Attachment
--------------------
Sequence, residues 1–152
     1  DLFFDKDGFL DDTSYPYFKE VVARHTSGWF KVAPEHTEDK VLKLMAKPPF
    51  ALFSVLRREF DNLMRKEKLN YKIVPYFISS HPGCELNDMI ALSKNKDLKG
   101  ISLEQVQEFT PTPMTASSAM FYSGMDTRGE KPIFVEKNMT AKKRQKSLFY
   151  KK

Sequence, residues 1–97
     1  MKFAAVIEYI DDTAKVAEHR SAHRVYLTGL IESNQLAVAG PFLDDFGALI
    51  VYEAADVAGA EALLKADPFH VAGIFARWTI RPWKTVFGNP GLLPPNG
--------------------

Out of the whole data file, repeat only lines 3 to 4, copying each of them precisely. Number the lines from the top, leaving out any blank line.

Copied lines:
    51  ALFSVLRREF DNLMRKEKLN YKIVPYFISS HPGCELNDMI ALSKNKDLKG
   101  ISLEQVQEFT PTPMTASSAM FYSGMDTRGE KPIFVEKNMT AKKRQKSLFY